Poetry Explorer- Classic Contemporary Poetry, THE WORLD, by THOMAS TRAHERNE

Poetry Explorer

Classic and Contemporary Poetry

THE WORLD, by                 Poet's Biography
First Line: When adam first did from his dust arise
Last Line: And ever will the same.
Subject(s): Earth; God; World


When Adam first did from his dust arise,
He did not see,
Nor could there be
A greater joy before his eyes:
The sun as bright for me doth shine;
The spheres above
Do show His love,
While they to kiss the earth incline,
The stars as great a service do;
The moon as much I view
As Adam did, and all God's works divine
Are glorious still, and mine.


Sin spoil'd them; but my Saviour's precious blood
Sprinkled I see
On them to be,
Making them all both safe and good:
With greater rapture I admire
That I from hell
Redeem'd, do dwell
On earth as yet; and here a fire
Not scorching but refreshing glows,
And living water flows,
Which Dives more than silver doth desire,
Of crystals far the best.


What shall I render unto Thee, my God,
For teaching me
The wealth to see
Which doth enrich Thy great abode?
My virgin-thoughts in childhood were
Full of content,
And innocent,
Without disturbance, free and clear,
Even like the streams of crystal springs,
Where all the curious things
Do from the bottom of the well appear
When no filth or mud is there.


For so when first I in the summer-fields
Saw golden corn
The earth adorn
(This day that sight its pleasure yields),
No rubies could more take mine eye;
Nor pearls of price,
By man's device
Set in enamel'd gold most curiously,
More costly seem to me,
How rich so e'er they be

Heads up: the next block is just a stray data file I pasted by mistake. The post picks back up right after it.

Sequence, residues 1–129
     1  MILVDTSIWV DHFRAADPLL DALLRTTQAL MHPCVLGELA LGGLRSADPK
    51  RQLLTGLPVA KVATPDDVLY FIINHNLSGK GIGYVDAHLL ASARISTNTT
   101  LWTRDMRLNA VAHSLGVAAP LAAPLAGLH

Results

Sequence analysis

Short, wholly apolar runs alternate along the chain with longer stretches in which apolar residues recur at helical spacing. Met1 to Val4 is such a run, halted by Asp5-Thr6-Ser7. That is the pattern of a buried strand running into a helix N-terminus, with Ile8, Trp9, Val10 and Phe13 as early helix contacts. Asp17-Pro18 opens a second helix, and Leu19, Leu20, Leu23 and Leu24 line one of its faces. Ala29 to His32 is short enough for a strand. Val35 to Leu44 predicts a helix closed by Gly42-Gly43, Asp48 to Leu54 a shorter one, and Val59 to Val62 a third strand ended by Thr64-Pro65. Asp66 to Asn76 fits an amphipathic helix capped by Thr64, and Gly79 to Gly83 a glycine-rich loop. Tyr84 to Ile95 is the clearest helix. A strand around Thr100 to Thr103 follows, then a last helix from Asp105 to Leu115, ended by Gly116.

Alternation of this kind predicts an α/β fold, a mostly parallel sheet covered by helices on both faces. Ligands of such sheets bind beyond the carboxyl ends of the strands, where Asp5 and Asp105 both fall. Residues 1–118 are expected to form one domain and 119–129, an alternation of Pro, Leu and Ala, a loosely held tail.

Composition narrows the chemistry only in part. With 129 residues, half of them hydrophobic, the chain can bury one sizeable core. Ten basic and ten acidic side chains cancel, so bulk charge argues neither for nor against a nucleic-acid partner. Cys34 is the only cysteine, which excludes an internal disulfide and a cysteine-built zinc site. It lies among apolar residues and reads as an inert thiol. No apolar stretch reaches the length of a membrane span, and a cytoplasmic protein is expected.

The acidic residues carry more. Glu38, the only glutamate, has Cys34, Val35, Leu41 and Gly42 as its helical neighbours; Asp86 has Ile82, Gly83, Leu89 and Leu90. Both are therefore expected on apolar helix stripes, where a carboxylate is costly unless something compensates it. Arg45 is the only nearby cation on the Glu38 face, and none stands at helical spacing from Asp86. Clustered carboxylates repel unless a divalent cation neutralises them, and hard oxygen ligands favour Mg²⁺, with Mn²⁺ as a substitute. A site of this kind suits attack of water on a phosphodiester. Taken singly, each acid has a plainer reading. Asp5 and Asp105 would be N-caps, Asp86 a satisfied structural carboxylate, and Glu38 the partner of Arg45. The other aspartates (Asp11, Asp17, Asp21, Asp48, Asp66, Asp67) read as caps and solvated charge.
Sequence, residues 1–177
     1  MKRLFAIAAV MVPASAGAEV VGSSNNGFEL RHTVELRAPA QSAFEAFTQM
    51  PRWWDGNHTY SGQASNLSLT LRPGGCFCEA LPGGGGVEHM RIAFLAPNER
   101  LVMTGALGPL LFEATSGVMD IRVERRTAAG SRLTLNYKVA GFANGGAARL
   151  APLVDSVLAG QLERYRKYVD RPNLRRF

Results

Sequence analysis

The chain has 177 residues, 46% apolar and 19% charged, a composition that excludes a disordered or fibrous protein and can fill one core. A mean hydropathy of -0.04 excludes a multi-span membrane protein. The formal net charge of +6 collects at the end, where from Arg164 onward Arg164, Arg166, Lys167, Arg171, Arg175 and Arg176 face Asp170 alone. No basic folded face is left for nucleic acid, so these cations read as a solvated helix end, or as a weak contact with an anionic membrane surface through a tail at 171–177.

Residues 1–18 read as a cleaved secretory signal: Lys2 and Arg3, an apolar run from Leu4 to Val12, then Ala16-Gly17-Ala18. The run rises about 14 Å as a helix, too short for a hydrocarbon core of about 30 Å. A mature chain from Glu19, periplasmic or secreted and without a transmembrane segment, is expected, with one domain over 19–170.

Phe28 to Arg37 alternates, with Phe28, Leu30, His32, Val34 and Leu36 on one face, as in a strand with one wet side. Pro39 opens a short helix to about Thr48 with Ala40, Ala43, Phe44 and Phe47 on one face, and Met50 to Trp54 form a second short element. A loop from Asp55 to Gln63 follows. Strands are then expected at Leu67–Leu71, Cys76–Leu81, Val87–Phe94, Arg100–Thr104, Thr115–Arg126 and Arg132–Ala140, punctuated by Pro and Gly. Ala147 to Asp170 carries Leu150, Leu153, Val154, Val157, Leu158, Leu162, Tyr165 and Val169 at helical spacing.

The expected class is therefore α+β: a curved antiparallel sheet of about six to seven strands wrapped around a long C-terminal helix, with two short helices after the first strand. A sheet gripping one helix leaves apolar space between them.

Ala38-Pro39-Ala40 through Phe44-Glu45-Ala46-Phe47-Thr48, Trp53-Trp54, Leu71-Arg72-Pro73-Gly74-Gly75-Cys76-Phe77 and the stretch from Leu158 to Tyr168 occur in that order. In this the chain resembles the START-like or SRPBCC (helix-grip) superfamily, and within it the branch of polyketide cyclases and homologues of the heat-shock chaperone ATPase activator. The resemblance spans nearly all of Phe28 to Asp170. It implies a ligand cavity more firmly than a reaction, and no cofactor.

By men esteem'd; nor could these more be mine
That on my finger shine.


The skies above so sweetly then did smile,
Their curtains spread
Above my head
And with its height mine eye beguile;
So lovely did the distant green
That fring'd the field
Appear, and yield
Such pleasant prospects to be seen
From neighbouring hills; no precious stone,
Or crown, or royal throne,
Which do bedeck the richest Indian lord,
Could such delight afford.


The sun, that gilded all the bordering woods,
Shone from the sky
To beautify
My earthly and my heavenly goods;
Exalted in his throne on high,
He shed his beams
In golden streams
That did illustrate all the sky;
Those floods of light which he displays,
Did fill the glittering ways,
While that unsufferable piercing eye
The ground did glorify.


The choicest colours, yellow, green, and blue,
Did on this court
In comely sort
A mix'd variety bestrew;
Like gold with emeralds between;
As if my God
From His abode
By these intended to be seen.
And so He was: I Him descried
In's works, the surest guide
Dame Nature yields; His love, His life doth there
For evermore appear.


No house nor holder in this world did I
Observe to be;
What I did see
Seem'd all mine own: wherein did lie
A mine, a garden, of delights;
Pearls were but stones;
And great kings' thrones,
Compared with such benefits,
But empty chairs; a crown, a toy
Scarce apt to please a boy.
All other are but petty trifling shows,
To that which God bestows.


A royal crown, inlaid with precious stones,
Did less surprise
The infant eyes
Of many other little ones,
Than the great beauties of this frame,
Made for my sake,
Mine eyes did take,
Which I divine, and mine, do name.
Surprising joys beyond all price
Compos'd a Paradise,
Which did my soul to love my God inflame,
And ever will the same.

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